fter polishing off the New Yorker’s profile of Republican Presidential candidate Michele Bachmann last night and learning from it that some of her favorite books belong in the slavery apologia section of David Duke’s personal library, I spent some time reflecting on how someone so far right about race could ascend so high in national politics. And then I remembered that for most of the country’s political history, people with Michele Bachman’s views were the norm. For a brief period in the ’90s, when I was coming of age politically, it seemed like racists were dressing up their views, cloaking them in anti-welfare, pro-small government tirades. These days, those tirades march out the door stark naked.
According to the New Yorker, Bachmann’s mischaracterization of the nation’s founders as people who worked tirelessly to end slavery, was not a gaffe. It’s what she would call a worldview. When she was studying law at Oral Roberts University — in a law school whose curriculum is guided not by the constitution or conventional jurisprudence, but by the Bible — she helped law professor John Eidsmoe research a book, Christianity and the Constitution. According to the New Yorker, the book explains that:
“many Christians opposed slavery even though they owned slaves.” They didn’t free their slaves, [the author] writes, because of their benevolence. “It might be very difficult for a freed slave to make a living in that economy; under such circumstances setting slaves free was both inhumane and irresponsible.”
And several years ago, when she was running for State Senate in Minnesota, she posted a list of book recommendations that included the 1997 biography of Robert E. Lee by J. Stephen Wilkins. The New Yorker notes:
Wilkins is the leading proponent of the theory that the South was an orthodox Christian nation unjustly attacked by the godless North … African slaves brought to America, he argues, were essentially lucky. “Africa, like any other pagan country [sic], was permeated by the cruelty and barbarism typical of unbelieving cultures.” … Wilkins also approvingly cites Lee’s insistence that abolition could not come until “the sanctifying effects of Christianity” had time “to work in the black race and fit its people for freedom.”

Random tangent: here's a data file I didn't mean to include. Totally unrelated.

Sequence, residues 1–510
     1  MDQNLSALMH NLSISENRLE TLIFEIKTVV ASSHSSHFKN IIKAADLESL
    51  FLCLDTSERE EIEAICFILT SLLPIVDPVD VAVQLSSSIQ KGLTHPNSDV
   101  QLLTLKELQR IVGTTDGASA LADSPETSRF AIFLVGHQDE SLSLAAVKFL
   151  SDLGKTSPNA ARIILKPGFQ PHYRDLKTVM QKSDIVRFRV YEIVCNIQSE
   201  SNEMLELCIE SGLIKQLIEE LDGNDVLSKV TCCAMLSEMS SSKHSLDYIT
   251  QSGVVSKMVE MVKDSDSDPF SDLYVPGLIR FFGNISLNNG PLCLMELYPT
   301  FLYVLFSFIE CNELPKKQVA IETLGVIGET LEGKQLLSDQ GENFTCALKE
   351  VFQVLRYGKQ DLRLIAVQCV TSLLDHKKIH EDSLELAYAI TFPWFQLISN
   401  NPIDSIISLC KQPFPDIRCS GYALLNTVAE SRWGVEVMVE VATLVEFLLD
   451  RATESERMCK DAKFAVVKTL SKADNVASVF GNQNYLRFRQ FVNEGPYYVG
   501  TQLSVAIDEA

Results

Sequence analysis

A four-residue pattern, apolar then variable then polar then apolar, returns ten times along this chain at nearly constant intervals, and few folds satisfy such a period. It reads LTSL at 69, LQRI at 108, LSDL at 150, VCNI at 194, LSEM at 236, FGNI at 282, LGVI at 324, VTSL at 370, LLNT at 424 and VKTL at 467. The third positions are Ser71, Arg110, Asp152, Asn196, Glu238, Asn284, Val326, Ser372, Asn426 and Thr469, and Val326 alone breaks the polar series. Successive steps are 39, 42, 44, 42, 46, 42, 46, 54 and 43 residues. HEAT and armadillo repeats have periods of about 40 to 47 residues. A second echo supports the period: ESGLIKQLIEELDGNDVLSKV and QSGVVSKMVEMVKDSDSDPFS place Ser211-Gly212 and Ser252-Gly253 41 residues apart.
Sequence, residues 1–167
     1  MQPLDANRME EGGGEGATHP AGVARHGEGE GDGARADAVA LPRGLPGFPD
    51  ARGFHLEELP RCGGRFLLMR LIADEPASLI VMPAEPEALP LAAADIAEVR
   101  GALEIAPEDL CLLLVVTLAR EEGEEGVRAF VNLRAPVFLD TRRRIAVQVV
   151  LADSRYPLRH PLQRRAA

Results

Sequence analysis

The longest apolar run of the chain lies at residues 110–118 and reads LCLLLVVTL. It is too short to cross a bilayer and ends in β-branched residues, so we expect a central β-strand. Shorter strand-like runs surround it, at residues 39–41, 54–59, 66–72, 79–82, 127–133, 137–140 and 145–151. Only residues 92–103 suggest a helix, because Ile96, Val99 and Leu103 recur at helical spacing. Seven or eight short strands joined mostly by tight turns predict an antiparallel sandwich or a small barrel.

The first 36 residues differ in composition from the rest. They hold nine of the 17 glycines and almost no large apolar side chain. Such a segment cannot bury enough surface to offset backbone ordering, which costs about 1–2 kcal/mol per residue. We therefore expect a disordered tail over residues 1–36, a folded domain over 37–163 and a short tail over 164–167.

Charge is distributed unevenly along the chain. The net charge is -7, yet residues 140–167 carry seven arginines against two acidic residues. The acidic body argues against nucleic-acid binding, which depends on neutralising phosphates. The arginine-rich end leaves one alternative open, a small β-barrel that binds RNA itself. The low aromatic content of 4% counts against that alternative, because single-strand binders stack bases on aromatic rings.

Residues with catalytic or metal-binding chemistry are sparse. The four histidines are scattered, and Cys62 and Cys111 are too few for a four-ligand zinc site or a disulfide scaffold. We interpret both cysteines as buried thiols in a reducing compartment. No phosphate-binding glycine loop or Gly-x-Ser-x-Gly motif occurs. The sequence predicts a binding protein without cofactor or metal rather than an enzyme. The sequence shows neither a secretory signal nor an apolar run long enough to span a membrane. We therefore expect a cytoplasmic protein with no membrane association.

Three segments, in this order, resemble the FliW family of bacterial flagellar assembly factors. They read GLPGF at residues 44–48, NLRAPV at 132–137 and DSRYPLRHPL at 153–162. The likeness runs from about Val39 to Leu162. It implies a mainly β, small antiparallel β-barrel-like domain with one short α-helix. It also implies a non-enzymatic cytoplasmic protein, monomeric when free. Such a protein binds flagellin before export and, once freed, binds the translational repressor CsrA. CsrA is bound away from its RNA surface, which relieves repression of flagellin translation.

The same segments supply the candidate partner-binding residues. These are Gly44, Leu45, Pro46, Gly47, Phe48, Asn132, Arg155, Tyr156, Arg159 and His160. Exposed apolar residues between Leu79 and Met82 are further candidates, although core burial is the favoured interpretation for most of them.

(How the author, his peer editors and professional editor mislabeled the earth’s second largest continent a country, I’ll never know.)
Obviously, Wilkins’ ideas aren’t original. Yawn. He belongs to one of a dozens or so schools of American thought that sprang up and mutated in the 18th and 19th centuries to justify the nation’s oppression of blacks. But what’s interesting is seeing Bachmann’s willingness to grasp at such ideas, in all their moral and political bankruptcy.
Ryan Lizza, the New Yorker reporter who wrote the story, didn’t get to ask her that question, because she shut off his interview access soon after he began probing her about her intellectual influences. But I speculate that with her Manichean worldview, she needs these kinds of beliefs to make sense of life.
She believes deeply that an all good, all powerful, and all wise God is guiding America, the land where for centuries the evils of slavery persisted. To reconcile the dissonance between those two ideas, she might just tell herself that slavery wasn’t really suffering.
The failure of so many churches to acknowledge and atone for their role in slavery has created a moral vacuum in which such nonsense proliferates. And now we have a politician eager to exploit that vaccuum for political gain. If Bachmann could get enough Americans to believe her, they could perhaps free themselves of the guilt that she probably believes made them vote for a black man for President.
I’m pretty cynical about race relations, but even I believe she’s sorely miscalculated her fellow Americans. Guilt may have impelled some of them to vote for Barack Obama, but slavery apologia will only deepen that guilt.